Twitter tries to simplify its service

Twitter on Thursday announced a new design for its service that the company hopes will draw in new users, keep them on the site longer and persuade paid advertisers to follow them there.

The new look for Twitter, which is rolling out first in applications for Apple and Android phones, has three new tabs that Twitter hopes will make the service simpler for the uninitiated to use: a personal home page, marked by a birdhouse icon; an "@ connect" tab signifying conversations, people and brands; and a "# discover" tab for keywords and topics. Clicking an old-fashioned quill symbol lets you compose a message.

Jack Dorsey, a Twitter founder and chairman of the board, characterized the new look this way: "Less places to click, less things to learn."

Founded five years as a platform for sending out pithy text-message-like missives, Twitter now has 100 million users worldwide, according to figures from the company. Its audience is a fraction of Facebook's and, on average, younger and more tech-savvy.

Twitter is remarkably easy in some respects. Every message - or tweet - must be limited to 140 characters, including links to Web sites, music or photographs. Or a user can quietly follow others who have something to say - celebrities, politicians or their moms - or read about the issues that are "trending," or popular worldwide.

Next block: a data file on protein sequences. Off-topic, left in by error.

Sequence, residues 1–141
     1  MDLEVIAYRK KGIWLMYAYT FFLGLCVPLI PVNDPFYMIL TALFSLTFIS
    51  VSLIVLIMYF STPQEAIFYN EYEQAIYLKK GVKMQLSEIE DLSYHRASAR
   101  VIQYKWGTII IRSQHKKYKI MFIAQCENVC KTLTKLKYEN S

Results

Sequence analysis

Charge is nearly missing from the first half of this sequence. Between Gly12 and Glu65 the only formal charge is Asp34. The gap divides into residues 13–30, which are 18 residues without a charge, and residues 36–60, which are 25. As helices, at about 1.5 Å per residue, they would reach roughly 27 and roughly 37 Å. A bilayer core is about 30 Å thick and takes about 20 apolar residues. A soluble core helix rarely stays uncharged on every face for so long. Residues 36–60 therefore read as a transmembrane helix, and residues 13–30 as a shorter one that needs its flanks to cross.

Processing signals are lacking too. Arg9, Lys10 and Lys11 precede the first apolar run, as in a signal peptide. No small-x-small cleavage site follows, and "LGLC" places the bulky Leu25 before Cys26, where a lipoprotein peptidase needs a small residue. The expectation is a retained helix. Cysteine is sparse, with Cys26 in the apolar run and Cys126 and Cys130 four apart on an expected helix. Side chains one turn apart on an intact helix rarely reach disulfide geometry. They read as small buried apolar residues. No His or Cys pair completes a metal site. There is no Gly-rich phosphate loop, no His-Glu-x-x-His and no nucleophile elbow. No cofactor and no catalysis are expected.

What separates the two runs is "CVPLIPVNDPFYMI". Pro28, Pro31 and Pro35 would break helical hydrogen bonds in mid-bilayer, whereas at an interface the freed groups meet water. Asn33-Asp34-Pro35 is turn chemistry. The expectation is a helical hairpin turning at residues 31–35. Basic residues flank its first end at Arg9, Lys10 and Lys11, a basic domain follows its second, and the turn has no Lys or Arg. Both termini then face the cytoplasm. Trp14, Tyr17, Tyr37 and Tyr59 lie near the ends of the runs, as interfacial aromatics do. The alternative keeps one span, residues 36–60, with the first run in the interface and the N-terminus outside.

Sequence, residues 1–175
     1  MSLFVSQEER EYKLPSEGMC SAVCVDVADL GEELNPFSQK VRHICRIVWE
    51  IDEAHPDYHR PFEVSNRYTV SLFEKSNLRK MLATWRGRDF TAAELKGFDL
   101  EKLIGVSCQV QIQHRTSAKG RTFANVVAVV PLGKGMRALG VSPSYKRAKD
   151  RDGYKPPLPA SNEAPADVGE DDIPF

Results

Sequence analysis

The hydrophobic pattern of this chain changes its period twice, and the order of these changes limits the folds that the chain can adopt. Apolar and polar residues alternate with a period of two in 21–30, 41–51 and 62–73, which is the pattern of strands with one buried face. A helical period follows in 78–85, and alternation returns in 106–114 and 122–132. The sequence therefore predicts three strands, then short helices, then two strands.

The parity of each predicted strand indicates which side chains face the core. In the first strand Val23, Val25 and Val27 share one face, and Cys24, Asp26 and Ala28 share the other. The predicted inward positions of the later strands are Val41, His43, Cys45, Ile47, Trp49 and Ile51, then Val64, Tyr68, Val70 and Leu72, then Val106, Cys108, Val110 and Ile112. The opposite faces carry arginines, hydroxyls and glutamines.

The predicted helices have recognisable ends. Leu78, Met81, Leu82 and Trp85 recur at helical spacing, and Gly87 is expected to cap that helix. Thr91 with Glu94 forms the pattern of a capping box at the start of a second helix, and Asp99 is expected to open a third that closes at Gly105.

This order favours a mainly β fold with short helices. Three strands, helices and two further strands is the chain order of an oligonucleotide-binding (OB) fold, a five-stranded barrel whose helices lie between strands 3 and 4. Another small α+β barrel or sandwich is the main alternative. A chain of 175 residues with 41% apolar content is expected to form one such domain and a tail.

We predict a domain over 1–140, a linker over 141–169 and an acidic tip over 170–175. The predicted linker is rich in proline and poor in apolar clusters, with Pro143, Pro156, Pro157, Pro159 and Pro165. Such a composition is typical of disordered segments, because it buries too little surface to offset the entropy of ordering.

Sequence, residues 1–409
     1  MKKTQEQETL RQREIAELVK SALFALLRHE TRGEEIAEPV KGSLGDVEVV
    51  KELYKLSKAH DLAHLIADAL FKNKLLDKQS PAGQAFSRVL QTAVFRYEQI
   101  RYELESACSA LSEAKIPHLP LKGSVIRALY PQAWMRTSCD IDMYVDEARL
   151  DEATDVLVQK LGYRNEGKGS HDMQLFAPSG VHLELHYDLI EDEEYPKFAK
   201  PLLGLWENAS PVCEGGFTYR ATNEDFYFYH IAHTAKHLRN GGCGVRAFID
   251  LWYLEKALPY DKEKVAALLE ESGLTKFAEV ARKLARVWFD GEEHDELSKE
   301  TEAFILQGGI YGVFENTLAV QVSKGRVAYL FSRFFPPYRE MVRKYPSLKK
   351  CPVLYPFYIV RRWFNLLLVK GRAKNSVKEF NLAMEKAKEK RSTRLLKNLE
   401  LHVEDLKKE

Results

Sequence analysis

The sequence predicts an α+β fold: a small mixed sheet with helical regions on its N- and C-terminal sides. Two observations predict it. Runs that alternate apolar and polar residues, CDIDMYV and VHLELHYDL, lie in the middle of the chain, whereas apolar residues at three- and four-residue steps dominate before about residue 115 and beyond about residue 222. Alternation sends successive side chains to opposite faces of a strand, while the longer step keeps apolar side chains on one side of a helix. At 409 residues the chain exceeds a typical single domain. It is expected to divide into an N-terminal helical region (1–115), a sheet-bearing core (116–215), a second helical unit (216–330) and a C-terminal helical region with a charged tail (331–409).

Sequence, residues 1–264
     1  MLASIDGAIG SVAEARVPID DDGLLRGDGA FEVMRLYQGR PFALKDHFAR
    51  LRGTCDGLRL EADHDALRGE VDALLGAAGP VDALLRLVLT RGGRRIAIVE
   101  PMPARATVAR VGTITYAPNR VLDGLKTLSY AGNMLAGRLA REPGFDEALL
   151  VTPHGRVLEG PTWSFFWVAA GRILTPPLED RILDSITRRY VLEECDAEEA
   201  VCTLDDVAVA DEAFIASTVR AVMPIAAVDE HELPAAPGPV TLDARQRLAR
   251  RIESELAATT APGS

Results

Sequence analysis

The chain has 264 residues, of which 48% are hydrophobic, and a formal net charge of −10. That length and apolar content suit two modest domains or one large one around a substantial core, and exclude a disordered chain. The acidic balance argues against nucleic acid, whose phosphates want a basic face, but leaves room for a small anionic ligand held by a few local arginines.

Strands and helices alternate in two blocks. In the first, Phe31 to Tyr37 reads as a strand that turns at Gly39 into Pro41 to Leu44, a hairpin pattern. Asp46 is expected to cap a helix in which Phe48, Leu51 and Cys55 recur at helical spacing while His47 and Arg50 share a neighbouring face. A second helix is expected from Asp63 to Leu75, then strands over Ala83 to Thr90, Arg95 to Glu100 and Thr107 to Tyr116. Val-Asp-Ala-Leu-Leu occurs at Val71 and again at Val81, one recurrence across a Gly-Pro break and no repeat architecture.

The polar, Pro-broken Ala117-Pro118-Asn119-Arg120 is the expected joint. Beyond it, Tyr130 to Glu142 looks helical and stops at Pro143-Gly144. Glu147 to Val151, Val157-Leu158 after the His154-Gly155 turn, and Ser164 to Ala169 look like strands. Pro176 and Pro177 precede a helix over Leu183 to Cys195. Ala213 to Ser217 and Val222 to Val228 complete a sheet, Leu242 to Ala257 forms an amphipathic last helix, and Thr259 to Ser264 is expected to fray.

Twitter is designed for public messages and allows users to sign up using pseudonyms. It has proved to be a remarkably nimble tool in mobilizing protest movements and spreading political messages.

But it has been vexed by a perception that it is difficult to use. Quirks like hash tags, or message topics preceded by an # symbol, can be off-putting to first-time visitors.

Thursday's announcement seems designed to position Twitter as a more mainstream instrument, and presumably to draw more advertisers.

As a symbol of its ambition, Twitter unveiled the new design at its would-be new headquarters: a 215,000-square-foot space in a long-defunct Art Deco-era building in downtown San Francisco. Twitter, which currently employs 700 people in a smaller office space, said it would be able to hold "thousands" of people in its new space.

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